Andreas Walther receives ERC Consolidator Grant for the development of intelligent materials

EU funding for research into materials with both artificial and lifelike properties

23 December 2020

Artificially created smart, intelligent materials with properties characteristic of life – this is the aim of Professor Andreas Walther's research at Johannes Gutenberg-University Mainz (JGU), for which the chemist is now receiving EUR 2 million in EU funding. Walther plans to produce mechanical materials equipped with the ability to adapt, learn, and interact. The long-term goal is to generate a form of coevolution between synthetic materials and living cells, which would blur the boundaries between animate and inanimate matter. The European Research Council (ERC) has awarded Professor Andreas Walther an ERC Consolidator Grant, one of the most richly endowed EU funding awards given to top-level researchers, for his Metabolic Mechanical Materials: Adaptation, Learning & Interactivity (M3ALI) project. Walther joined Mainz University in October 2020 from the University of Freiburg.

Providing mechanical materials with the ability to adapt, learn, and interact

Plastics have been industrially manufactured for over 100 years and are now present in all areas of our lives. "Plastics, or more generally, materials with a polymer structure have shaped and improved human life over the past century. Today, there are polymers that change in response to external stimuli and developments inspired by the world of biology with innovative functions and properties," explained Walther. However, these materials are far less complex and dynamic than living, self-organizing systems. "If we were able to endow synthetic materials with the qualities of living organisms, we could transform these otherwise static substances into dynamic, truly intelligent, and fully interactive material systems."

Against this background, the central goal of the M3ALI project is to incorporate concepts for adaptation, for simple learning through training, and for interaction into polymer materials. The materials would be able to interact with living cells so that a kind of language could evolve that would enable matter and cells to communicate – with the result that they could influence each other and jointly develop.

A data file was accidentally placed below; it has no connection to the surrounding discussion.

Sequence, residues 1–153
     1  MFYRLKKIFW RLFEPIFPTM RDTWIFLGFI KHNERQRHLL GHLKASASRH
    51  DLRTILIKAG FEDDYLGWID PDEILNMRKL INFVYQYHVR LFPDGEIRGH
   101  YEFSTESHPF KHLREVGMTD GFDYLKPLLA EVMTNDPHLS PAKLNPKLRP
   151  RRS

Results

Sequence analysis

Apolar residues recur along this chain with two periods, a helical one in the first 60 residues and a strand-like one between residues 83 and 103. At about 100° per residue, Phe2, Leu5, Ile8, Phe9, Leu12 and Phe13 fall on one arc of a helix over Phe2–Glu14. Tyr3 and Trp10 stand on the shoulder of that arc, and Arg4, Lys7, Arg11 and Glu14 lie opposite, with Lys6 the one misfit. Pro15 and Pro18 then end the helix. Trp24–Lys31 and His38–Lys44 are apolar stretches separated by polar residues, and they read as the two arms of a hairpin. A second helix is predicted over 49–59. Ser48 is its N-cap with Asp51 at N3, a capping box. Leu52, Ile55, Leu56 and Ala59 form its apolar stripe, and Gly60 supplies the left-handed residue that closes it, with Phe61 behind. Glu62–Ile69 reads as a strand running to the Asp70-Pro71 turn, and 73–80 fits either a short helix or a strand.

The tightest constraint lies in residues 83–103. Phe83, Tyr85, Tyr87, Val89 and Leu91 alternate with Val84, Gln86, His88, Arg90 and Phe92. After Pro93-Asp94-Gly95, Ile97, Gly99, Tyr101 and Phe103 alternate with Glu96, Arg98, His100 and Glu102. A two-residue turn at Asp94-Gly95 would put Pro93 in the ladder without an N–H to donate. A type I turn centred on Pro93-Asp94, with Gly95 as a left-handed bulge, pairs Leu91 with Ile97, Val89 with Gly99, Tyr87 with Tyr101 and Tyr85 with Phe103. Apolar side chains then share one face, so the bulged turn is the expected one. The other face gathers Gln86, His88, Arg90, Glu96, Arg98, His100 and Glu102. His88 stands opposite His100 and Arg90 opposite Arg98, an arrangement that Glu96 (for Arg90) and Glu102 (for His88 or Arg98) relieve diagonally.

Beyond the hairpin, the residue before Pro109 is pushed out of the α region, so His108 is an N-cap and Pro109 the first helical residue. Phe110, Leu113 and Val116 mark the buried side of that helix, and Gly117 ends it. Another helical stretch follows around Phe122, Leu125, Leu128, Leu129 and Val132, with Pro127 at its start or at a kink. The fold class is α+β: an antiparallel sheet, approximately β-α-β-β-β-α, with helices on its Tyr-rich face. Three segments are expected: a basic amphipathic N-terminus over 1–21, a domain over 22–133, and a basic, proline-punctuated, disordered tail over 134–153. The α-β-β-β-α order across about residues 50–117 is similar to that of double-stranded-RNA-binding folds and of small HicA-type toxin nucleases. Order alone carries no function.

According to Walther, for the generation of materials with lifelike properties with adaptive behavior it is important to incorporate memory functions, so that a material remembers its past and aligns its future behavior accordingly. In addition, pathways for signal processing must be devised and forms of communication established to translate different types of signals – in chemical, physical, and mechanical forms.

These intelligent materials are to be created using DNA-based hydrogels. "I will try to link various research areas together in the M3ALI project and combine what we have achieved to date. The new direction we are taking involves metabolic-mechanical materials that can be trained, that learn and adapt, and show interactive behavior in systems," said Professor Andreas Walther, summarizing the work ahead. Possible applications could be tissue cultures that could be used to create artificial tissue structures or even trainable, self-learning materials, such as artificial muscles.

ERC funding for most groundbreaking research approaches

Andreas Walther was born in 1980 and studied at the University of Bayreuth, where he received a doctorate in chemistry in 2008 for his thesis on self-organized materials. As a postdoc, he studied biomimetic hybrid materials at Aalto University in Helsinki in Finland. In 2011, Walther returned to Germany and established a research group at the DWI Leibniz Institute for Interactive Materials in Aachen. In 2016, he was appointed to a position in Freiburg and until September 2020 worked as a professor at the Institute of Macromolecular Chemistry at the University of Freiburg, at the Freiburg Materials Research Center (FMF), and as deputy director at the Freiburg Center for Interactive Materials and Bioinspired Technologies (FIT). He was a senior research fellow at the Freiburg Institute for Advanced Studies and the Strasbourg Institute for Advanced Study, and also coordinated the joint French-German Polymer Science program. He is also one of the founders of the Freiburg Cluster of Excellence "Living, Adaptive and Energy-autonomous Materials Systems" (livMatS), in which he will continue to be involved as an associate researcher. In October 2020, Walther was appointed Professor of Macromolecular Chemistry at Johannes Gutenberg University Mainz. He is also a fellow of the Gutenberg Research College at JGU.

The ERC Consolidator Grant is one of the most richly endowed EU funding awards given to individual researchers The European Research Council uses these grants to support outstanding researchers, usually within seven to twelve years of completing their doctorate. In order to receive the grant, applicants must not only demonstrate excellence in research, but also provide evidence of the pioneering nature of their project and its feasibility. The funding period is five years.